FRAUD AGAINST SENIORS GROWING

Jun 24th, 2012 | By Sharon Shaw Elrod MSW EdD | Category: Senior Finances

Elder Abuse Includes Fraud

Elder fraud is not a new way for con artists to steal money from senior citizens. But the means by which the thieves get entrance to homes of seniors is more sophisticated now.  It is based in technology.  Seniors who are more likely to be amenable to invitations to ‘invest’ their money are identified and targeted for scams.

A recent MSNBC story is an example of such a scheme.  The senior couple featured in the story lost hundreds of thousands of dollars before their adult children were able to step in and stop the scam.  Elders lose an estimated $2.9 billion a year to conmen.  Most victims are between 80 and 89, and are women.  The National Committee for Prevention of Elder Abuse (NCPEA) recently suggested seniors with mild dementia are most vulnerable.  The MSNBC story explains why:  “A slowing down of brain function comes with normal aging… The elderly are susceptible to errors in judgment, particularly in situations where a snap decision is required — such as during a telemarketing call.” (MSNBC June 24, 2012)

Seniors, and perhaps more importantly their adult children, need to watch for any or all of the following behaviors that might indicate they are victims of elder fraud:

  • taking telephone calls ‘privately’ and refusing to tell adult children who was on the other end of the line;
  • snail mail that includes a lot of sweepstakes and lottery ads;
  • requests for loans from adult children;
  • sudden new ‘friends’ that elders refuse to introduce to their adult children;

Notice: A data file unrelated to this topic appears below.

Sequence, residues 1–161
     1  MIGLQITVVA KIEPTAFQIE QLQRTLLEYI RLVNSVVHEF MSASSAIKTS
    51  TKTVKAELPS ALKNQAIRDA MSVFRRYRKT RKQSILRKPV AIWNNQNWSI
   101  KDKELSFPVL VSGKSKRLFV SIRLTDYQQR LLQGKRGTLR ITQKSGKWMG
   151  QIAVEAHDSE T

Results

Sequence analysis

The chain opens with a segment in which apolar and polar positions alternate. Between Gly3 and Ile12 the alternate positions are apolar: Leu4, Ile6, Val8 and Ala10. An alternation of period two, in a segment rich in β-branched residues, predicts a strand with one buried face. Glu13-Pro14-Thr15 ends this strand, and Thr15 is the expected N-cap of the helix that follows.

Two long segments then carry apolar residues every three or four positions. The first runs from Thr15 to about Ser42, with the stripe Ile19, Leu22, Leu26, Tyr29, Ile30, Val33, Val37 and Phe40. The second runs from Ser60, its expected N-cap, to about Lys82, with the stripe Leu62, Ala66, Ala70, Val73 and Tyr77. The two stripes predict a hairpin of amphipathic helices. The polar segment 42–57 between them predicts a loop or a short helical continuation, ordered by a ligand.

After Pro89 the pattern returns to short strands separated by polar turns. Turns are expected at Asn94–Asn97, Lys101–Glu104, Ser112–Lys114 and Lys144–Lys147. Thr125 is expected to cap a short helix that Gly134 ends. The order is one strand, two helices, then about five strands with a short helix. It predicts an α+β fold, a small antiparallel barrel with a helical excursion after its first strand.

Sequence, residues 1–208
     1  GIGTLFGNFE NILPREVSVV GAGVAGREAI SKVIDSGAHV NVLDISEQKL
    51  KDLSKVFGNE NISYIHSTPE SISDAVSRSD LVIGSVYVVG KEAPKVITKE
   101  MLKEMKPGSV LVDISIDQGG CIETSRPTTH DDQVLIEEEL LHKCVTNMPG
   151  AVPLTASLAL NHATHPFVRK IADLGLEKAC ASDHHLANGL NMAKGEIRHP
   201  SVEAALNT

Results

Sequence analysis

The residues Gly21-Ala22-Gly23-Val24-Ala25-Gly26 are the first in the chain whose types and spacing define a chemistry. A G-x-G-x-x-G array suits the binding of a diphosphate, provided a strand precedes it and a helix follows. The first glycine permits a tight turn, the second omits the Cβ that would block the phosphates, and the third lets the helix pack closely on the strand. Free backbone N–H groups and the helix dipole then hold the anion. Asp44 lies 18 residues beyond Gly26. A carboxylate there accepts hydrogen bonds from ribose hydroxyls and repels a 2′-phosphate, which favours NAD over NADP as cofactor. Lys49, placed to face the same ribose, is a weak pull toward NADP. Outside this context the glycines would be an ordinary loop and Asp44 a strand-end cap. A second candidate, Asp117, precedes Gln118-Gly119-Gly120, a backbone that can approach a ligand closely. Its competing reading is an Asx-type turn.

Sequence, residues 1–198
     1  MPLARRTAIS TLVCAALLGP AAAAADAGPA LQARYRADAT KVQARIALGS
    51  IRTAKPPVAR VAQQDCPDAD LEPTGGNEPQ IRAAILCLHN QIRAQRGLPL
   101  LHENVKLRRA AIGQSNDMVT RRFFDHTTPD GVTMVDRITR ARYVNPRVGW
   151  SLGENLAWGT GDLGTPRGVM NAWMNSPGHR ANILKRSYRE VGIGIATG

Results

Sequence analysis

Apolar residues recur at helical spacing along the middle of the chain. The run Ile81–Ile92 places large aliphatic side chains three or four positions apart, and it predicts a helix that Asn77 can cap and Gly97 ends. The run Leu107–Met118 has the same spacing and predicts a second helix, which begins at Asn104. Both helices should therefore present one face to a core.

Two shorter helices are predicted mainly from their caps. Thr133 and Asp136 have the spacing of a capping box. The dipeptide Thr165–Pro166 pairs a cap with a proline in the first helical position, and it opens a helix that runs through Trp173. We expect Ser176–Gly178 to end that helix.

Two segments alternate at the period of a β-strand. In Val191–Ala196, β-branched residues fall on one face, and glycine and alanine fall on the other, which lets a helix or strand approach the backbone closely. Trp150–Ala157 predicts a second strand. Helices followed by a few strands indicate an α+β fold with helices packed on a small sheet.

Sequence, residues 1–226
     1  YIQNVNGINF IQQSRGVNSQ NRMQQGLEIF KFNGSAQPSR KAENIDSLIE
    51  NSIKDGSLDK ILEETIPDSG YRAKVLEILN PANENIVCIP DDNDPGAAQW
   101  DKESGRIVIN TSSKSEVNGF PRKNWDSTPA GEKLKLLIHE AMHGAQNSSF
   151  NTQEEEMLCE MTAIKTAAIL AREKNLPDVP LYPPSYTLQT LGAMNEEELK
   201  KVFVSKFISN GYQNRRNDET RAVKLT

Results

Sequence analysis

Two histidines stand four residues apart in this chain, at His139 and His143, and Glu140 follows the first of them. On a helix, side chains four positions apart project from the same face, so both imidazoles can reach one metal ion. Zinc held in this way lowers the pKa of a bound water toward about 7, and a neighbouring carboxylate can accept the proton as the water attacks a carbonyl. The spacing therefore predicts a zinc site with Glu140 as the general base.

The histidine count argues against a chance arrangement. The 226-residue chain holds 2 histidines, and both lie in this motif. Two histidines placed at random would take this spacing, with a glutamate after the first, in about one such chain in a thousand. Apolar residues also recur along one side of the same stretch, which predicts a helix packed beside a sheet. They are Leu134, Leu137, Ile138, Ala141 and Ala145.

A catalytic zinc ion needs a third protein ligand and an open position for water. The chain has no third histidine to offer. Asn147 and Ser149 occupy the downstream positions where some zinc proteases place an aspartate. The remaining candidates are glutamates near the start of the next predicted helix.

• any change in behavior that seems unusual and cannot be explained by the usual causes, e.g., medication changes, illness, accident.

How do you prevent your parent(s) from becoming a victim of elder fraud?  Experts suggest it is important to quietly oversee your parent(s)’ finances.  Visit them often; if you live too far way to accomplish that, be sure someone looks in on them regularly.  If you see a sudden change in behavior or secretiveness that cannot be explained away, ask questions.  Try to determine if someone new is in their lives that may be trying to defraud them of their resources.  Talk about your concerns.  Review the MSNBC article with your parents.  Let them know it can happen to any elder person/couple, including them.



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  1. [...] the most insidious of those who prey upon seniors are scam artists. All kinds.  They weasel their way into the network of the vulnerable and [...]

  2. [...] Scams come in all forms… mail via the United States Postal Service, telephone calls, your front door, emails and [...]

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